Crossfit is a strength and conditioning program which is very popular and for a large part I like what they are doing. A lot of bodyweight exercises, kettlebells and barbell workouts and generally well rounded program is something that I practice myself.
Of course what I’m talking about here is a generalization. Not all Crossfits and their trainers are going to be equal.
Apart from a couple of small things I dislike about Crossfit, like the kipping pullup (which is ok, but if you are doing only kipping pullups and avoiding regular ones you are definitely missing out), I don’t like the fact that Crossfit program is too random and it lacks progressive training.
In case you aim to get better at something like handstand pushups, the workout of the day or going to a Crossfit gym will give you a handstand pushup workout only once in a month or so. To be honest, that’s not nearly enough training if you are looking to improve your strength and technique for that particular movement.
Variations and changing up your exercises is generally a good thing, but if you don’t have any kind of a structured way to work toward your goals, you won’t be able to make much progress. Whatever your goal is (handstand, muscle up, freestanding handstand pushup, etc), you need to work on those particular movements on a regular basis.
In case you want to continue with Crossfit workouts, what you can do is practice specific movements for your goals before Crossfit exercises and work on a skill, but make sure to keep them light and easy.
In the upcoming No BS Strength secrets workshop one of the coaches, Travis Stoetzel competes in the Crossfit games. But he doesn’t just do WOD’s daily. Instead he follows a program to get himself better and what he needs to do, and throws in more “metabolic conditioning” workouts on top of that.
Lately I have been telling people that ask me about Crossfit not to practice Crossfit workouts only. I tell them to maybe practice Crossfit style training once or twice per week so the other day or two per week can be devoted to either skill training or strength work.
Generalized I view Crossfit as most trainees metabolic conditioning work which can be a pretty big stress on the body if done exclusively, especially with higher degrees of necessary strength and exercise randomness as you mentioned so much that form could break down in lesser trained not as skilled individuals.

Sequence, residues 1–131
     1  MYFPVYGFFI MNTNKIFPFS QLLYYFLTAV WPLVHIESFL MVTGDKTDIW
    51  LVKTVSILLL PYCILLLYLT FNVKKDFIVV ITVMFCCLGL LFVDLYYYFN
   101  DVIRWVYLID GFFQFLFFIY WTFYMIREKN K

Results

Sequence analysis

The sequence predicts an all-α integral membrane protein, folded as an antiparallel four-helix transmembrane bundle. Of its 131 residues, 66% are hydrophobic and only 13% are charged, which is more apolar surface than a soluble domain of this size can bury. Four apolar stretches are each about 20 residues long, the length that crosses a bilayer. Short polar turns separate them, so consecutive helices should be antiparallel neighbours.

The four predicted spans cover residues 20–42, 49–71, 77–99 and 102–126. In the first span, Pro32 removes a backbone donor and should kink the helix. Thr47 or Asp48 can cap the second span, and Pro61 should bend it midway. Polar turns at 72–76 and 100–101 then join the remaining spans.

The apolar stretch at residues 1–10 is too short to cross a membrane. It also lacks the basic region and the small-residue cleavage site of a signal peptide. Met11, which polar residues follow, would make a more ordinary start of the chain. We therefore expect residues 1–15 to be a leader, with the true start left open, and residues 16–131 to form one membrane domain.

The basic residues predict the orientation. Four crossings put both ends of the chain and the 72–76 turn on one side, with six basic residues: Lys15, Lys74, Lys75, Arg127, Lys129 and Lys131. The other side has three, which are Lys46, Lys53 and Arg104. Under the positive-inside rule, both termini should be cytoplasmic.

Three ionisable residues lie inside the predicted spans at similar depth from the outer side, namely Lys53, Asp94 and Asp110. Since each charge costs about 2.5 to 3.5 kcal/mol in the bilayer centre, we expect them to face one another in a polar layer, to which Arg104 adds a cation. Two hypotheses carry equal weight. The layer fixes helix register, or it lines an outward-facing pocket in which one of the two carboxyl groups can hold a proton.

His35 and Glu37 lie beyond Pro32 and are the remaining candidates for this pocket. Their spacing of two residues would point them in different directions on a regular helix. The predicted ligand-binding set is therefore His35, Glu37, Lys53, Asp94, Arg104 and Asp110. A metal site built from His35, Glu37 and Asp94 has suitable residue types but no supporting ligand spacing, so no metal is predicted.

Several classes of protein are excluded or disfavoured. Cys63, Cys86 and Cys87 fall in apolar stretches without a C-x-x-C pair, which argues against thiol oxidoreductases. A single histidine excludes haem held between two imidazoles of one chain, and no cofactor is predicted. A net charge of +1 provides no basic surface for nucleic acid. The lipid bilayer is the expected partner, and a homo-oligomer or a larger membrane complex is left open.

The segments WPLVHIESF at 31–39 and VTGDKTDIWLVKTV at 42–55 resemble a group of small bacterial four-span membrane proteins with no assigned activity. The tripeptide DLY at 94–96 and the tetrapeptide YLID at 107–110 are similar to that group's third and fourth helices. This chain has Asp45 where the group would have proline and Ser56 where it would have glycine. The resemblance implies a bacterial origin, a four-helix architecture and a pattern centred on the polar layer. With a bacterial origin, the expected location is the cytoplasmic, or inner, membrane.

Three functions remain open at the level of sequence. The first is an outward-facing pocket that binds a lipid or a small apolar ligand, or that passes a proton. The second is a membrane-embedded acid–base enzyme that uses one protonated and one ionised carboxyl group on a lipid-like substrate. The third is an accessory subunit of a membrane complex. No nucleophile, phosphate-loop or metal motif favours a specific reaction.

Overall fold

I agree with you Ken. Metabolic conditioning is great but it can easily be done too much.
I hear ya. I do stronglifts 5×5 on mwf, on tues and thurs, I’ll do some kettlebell work for about 10-15min, rest for 5, then do 3 sets of a tabata protocol of a crossfit type workout, usually a lot of bw and sprinting. But I like to have my main workouts as a progressive load to see progress. In a month or two, I may change my kettlebell work to concentrate on olympic lifts or sandbag training. I’m not a stickler when it comes to my secondary work, I like that to be changed up. I think in late fall, I’ll do a month of bodybuilding as a secondary to my strength training…wanna look good for thanksgiving and santa clause lol.
I’m with you. The secondary work is where more variety and and should really be added, because if you want to progress consistently you need to work consistently on thins.
I agree with you about kipping pullups. I have permanently wrecked shoulders from wrestling for a long time and the kip is just too dangerous – for me.
And certainly if you want to work on a specific skill like muscle ups or handstands – you have got to put in the time.
That said much of “the problem with Crossfit” is that the programming is often put together by people who are just doing the mainsite exercises or are not experienced enough to actually create programs.
There are plenty of people who have just taken a Level 1 Cert over a weekend and then go right into being a head trainer at a gym that they are psyched to open.
My head coach of my Crossfit gym where I have been going for almost 6 years is one of a very small handful of Level 3 Crossfit coaches and his programming is both random and progressive.
I have been part of his coaching training program for nearly a year and we are learning not only how to coach movements but also mobility and anatomy and structuring workout sequences. And after 9 months I feel just barely capable to really and effectively run a class the way I would want to. And that isn’t even my own programming – I am implementing his stuff.
I can not fathom how a Level 1 Cert is qualification enough to really take care of the wide needs of athletes coming in. That said, if I ever get my Level 1 Cert I feel I will be much more capable of coaching well…programming is whole different level of skill.
Yep, like I said it does depend on the trainer. I think you experience illustrates this well.
Our best athletes don’t just do the WODs, they are actively involved in Dru Patrick’s power lifting classes plus they extra skill work throughout the week.
The met cons, amraps, etc have their purpose but strength comes first.
Frank I was thinking about mentioning you as an exception in this post cause you run a Crossfit I’d be very pleased to go to.